Investing in making your home more energy efficient can help the environment, lower your utility bills and possibly help you fetch a higher sale price.
But homeowners considering a green remodel should also weigh how long it will take for the improvements to reap savings. Some pricey features, like replacing windows or buying a solar power system, could take many years to ultimately pay for themselves.
“You have to make a decision: ‘How environmentally friendly do I want to get if it takes me 16 years to break even on my investment?'” said Sid Davis, a home renovator and author of “Your Eco-Friendly Home: Buying, Building or Remodeling Green.”
Here are some things to consider as you map out your home’s conversion to a more energy-efficient, environmentally friendly pad:
GET A HOME ENERGY AUDIT
You want to lower your electric or gas bill. You may even be ready to buy or lease solar panels to generate electricity. But what if you can accomplish big savings by simply re-sealing your windows and doors to prevent air inside your home from venting, driving up your heating and cooling costs? Where do you begin?
During an energy audit an expert sizes up the efficiency of your appliances, air and heating systems, and gauges how much air your home is leaking.
Up to 25 per cent of heating and cooling costs result from heat loss, as air moves in and out of a house through holes, improperly sealed windows and insufficient insulation.
Check with your electric or gas company to see whether they offer to conduct home energy inspections. Often, such audits may be free.
MAKE EASY CHANGES FIRST
Tackling less expensive changes first can add up to big savings.
Replacing incandescent lights with compact fluorescent light bulbs, using a programmable thermostat to control when air conditioning or heat turns on can whittle away at your utility bills. Then there’s insulation, the decidedly low-tech but key feature of every energy efficient home.
The cost of home insulation can vary, depending on how much you need and which type you use. Try this online tool from home-improvement website Homewyse.com: http://www.homewyse.com/services/cost_to_insulate_your_home.html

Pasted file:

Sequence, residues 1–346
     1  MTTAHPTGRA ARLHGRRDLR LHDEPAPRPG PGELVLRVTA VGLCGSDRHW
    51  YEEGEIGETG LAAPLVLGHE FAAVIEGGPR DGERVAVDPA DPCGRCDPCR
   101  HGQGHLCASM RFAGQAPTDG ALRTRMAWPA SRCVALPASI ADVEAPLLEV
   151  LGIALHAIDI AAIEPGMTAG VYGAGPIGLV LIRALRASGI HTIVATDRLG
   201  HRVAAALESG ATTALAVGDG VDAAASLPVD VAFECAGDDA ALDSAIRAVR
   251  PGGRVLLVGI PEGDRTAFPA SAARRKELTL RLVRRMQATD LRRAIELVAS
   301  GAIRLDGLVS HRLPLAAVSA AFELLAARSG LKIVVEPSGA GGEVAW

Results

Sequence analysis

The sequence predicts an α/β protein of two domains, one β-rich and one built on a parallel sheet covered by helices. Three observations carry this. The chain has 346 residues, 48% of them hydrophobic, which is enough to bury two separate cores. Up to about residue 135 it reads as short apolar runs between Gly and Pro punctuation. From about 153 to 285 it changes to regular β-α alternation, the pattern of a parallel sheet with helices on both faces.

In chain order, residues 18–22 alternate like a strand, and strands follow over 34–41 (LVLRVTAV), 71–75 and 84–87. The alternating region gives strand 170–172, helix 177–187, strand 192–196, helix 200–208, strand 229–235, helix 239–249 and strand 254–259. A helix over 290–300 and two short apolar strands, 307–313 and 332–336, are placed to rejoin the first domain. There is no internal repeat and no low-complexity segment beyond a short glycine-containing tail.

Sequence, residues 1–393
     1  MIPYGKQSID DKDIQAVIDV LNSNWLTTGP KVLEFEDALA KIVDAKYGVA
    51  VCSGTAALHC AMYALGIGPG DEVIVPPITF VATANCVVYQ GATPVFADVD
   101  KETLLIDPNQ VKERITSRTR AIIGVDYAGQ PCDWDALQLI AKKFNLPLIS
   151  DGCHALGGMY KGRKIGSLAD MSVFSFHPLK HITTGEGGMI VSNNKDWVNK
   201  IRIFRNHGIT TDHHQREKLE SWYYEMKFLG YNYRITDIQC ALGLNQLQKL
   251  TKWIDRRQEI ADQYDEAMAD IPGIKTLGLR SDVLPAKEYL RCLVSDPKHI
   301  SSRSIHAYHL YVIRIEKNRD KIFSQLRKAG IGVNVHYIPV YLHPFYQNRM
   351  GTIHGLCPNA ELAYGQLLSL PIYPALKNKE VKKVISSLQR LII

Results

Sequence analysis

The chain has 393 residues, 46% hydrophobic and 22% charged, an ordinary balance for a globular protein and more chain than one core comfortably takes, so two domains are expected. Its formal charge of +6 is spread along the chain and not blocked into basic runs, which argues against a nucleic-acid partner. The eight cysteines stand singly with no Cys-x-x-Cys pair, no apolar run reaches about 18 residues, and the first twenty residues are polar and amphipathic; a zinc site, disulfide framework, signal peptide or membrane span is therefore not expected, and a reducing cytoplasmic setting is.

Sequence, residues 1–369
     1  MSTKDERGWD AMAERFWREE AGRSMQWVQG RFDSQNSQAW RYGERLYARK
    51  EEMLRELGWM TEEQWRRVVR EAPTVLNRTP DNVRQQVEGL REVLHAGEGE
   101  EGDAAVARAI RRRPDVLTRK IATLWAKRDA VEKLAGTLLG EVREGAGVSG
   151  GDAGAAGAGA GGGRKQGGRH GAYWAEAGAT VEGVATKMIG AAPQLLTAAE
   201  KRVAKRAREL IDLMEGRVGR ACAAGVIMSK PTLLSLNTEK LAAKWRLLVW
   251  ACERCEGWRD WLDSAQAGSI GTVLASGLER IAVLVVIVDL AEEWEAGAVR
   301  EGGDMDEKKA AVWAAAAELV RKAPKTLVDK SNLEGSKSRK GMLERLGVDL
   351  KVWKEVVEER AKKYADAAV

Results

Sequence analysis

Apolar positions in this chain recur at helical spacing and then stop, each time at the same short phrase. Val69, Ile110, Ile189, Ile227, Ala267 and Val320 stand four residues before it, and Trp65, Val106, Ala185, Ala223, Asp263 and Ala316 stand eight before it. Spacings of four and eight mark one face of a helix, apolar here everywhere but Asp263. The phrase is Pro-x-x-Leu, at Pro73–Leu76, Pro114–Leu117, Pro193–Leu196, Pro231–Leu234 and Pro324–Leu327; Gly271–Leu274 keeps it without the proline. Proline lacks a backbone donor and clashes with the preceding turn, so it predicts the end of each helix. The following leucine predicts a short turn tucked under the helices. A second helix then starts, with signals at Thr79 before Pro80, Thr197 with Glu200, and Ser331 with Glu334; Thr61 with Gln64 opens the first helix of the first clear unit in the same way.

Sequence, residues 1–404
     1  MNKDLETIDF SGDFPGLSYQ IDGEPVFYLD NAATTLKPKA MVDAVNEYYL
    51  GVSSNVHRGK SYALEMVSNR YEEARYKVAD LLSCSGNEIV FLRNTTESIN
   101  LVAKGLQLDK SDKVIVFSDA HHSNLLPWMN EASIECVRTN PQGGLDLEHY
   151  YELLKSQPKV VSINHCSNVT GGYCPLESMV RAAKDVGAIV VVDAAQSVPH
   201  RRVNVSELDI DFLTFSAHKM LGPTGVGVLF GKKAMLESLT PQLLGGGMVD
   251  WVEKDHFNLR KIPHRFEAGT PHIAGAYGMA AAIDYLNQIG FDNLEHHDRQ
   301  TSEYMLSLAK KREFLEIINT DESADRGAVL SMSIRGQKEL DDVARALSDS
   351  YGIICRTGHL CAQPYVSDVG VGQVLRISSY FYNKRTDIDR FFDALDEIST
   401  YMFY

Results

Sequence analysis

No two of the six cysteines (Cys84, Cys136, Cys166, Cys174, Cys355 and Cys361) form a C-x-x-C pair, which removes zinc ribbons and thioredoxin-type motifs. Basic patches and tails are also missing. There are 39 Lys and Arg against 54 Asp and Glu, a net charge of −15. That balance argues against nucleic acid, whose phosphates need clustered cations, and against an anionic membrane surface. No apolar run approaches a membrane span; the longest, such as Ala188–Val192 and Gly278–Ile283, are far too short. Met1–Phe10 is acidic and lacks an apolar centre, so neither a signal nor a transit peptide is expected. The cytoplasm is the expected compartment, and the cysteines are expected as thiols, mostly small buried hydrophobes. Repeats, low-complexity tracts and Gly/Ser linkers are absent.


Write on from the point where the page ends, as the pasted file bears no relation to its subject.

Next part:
“Adding attic insulation is a good energy saver that does not break the bank,” notes John Ritterpusch, assistant vice-president of sustainability and green building at the National Association of Home Builders. “Air sealing older homes with a caulk gun and a steady hand can do much to keep the winter winds at bay.”
Adding high-efficiency toilets can also translate into savings, especially when you factor in potential rebates from water utilities that range from $25 to $200, according to the U.S. Environmental Protection Agency. That could shorten the time it takes to recover the cost of such toilets, which are typically more expensive than less-efficient ones, to a few years, the EPA says.
LOOK INTO REBATES
From solar power systems and appliances to single-pane windows, certain energy and water-efficient improvements can qualify homeowners for rebates from utilities or government tax credits.
For example, the IRS offers a tax credit of 30 per cent of the cost of solar hot water heaters, solar electric equipment and wind turbines. If the credit exceeds how much you owe in taxes, the IRS allows you to carry over the unused portion into the next year’s tax return.
To search which energy efficient appliances and other home features qualify homeowners for federal tax credits for the 2015 tax year, check this out: https://www.energystar.gov/about/federal_tax_credits
Here’s a search portal for rebates on Energy Star-rated appliances: https://www.energystar.gov/rebate-finder
CONSIDER RESALE IMPACT
Certain green upgrades may add value to your home, depending on whether you live in a part of the country where those upgrades are seen as more of a selling point.
For example, in the Southwest, homebuyers may be more likely to view water-sparing landscaping, “smart” sprinklers or a solar power system as valuable features of a home than in other parts of the country where water and energy costs are less expensive.
A recent study tracked single-family homes with solar power systems in six states that were sold mostly between 2010 and 2013. The study, conducted by real estate appraisers and the U.S. Department of Energy’s Lawrence Berkeley National Laboratory, found that the homes sold, on average, for more than other homes without solar power systems. It also found that the sales price gain was higher the bigger the solar system in the home.
The appraisers, on average, found a premium of around $14,000 for solar homes with typical-sized systems of about 3.85 kilowatts.
The green premium isn’t a given. Some home appraisers may not have the training to evaluate the value of green home features. Or there may not be enough comparable homes in the area with such features, said Sandra Adomatis, a certified general appraiser and instructor with the Appraisal Institute. She also co-led the solar power study.
One way to boost the likelihood that green remodeling features are factored into your home’s value by appraisers and would-be buyers is to prioritize improvements that make a visible dent in your utility bills.
“If you can prove dollars and cents (buyers) are more willing to pay a premium,” Adomatis said.